Please watch your step.
Walks, streets, and floors
replicate those of the 1800's
and are uneven.
(from the brochure of Crossroads Village)
The entrance to Crossroads Village
Tiny plumes of smoke rise from the boiler at the Master Cider Mill and drift silently over the wooden walks and dewy grass. Down the street, a woman walks among her gardens gathering flowers in her apron and waves to the gentlemen at the sawmill, who are turning huge logs into planks. There’s a game of checkers just starting at the barbershop, and musicians backstage at the opera house are tuning up their voices for the first show of the day.
The century-old grinding stones at the Atlas Mill are turning wheat into flour for the day’s bread, while a little girl learns to crochet and her mother admires a hand-made quilt. Eager passengers slide onto their seats in the wooden coaches of the Huckleberry Railroad as the conductor calls out, “All aboard!”
Most of the 35 buildings here were moved – brick, board and stone – to this magical place at the edge of Mott Lake. Many came from just a few miles away. In this peaceful setting, they have been preserved, furnished and put back into use, so you can experience first-hand what life was like in a small village in Michigan in the late 1800's
(this was taken from the official Crossroads Village web site)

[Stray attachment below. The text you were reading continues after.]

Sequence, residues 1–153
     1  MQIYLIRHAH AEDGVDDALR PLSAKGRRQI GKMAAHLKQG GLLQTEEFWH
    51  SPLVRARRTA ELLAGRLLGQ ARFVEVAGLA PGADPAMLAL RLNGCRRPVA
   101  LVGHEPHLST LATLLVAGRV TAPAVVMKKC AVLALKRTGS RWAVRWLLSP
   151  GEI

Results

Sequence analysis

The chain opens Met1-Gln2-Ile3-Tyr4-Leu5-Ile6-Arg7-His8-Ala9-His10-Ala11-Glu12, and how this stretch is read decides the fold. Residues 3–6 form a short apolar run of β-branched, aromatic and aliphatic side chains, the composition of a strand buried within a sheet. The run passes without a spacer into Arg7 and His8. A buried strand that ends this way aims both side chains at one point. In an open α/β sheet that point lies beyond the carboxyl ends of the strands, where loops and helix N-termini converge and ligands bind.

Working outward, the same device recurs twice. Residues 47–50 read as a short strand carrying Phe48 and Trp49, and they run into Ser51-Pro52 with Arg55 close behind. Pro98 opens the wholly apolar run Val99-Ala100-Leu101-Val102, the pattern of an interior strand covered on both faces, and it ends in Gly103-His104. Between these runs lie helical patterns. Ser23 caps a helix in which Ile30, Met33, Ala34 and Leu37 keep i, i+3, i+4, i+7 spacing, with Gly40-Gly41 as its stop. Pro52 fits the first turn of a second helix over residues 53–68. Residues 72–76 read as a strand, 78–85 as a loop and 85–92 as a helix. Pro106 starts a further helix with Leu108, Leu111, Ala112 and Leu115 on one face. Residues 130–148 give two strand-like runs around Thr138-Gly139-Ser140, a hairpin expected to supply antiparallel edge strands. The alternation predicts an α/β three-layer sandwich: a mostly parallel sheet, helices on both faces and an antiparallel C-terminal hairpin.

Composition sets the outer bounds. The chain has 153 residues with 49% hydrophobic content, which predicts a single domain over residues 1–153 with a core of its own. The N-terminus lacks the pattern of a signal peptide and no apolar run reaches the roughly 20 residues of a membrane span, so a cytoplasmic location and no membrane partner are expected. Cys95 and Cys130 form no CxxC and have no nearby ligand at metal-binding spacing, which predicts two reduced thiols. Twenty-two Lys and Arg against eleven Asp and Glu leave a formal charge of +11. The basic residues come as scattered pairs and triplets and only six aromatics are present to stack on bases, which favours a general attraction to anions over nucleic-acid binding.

Thus begins our journey to and through that little village that few are aware of, Crossroads Village.
Crossroads Village was founded in the year 1973 as part of the upcoming United States bicentennial celebration. It had only three buildings at that time but grew to 13 buildings by its grand opening day of July 4, 1976.
It now has over 30 structures.
What makes Crossroads Village so unique is its authenticity - it has dirt roads, wood-plank sidewalks, an actual period train and train cars, and just has the look and feel of stepping into the past, moreso, dare I say, than the modernized Greenfield Village.
Does Crossroads have its problems? Certainly, and I plan to address those problems throughout this blog when I feel it is necessary.
I will address one complaint here: for the twenty + years that I have been visiting Crossroads Village, I have never seen a guidebook with info and photos, only a brochure with a few lines written about each structure. I feel this needs to be rectified, for this Village deserves more than a simple brochure.
When all is said and done, we here in southeast Michigan are truly blessed with having two open-air historical museums within two hours of each other.
For those out-of-towners who cannot make it to either one, I hope my blogs help you to enjoy them vicariously through the information and photos posted.
By the way, all photos were taken by me. If you would like to use them, feel free, but please give me and this blog the credit. Thank you.
(Here is the address to my Greenfield Village blog - http://gfv1929.blogspot.com/).
So, come along on this Journey to the Past...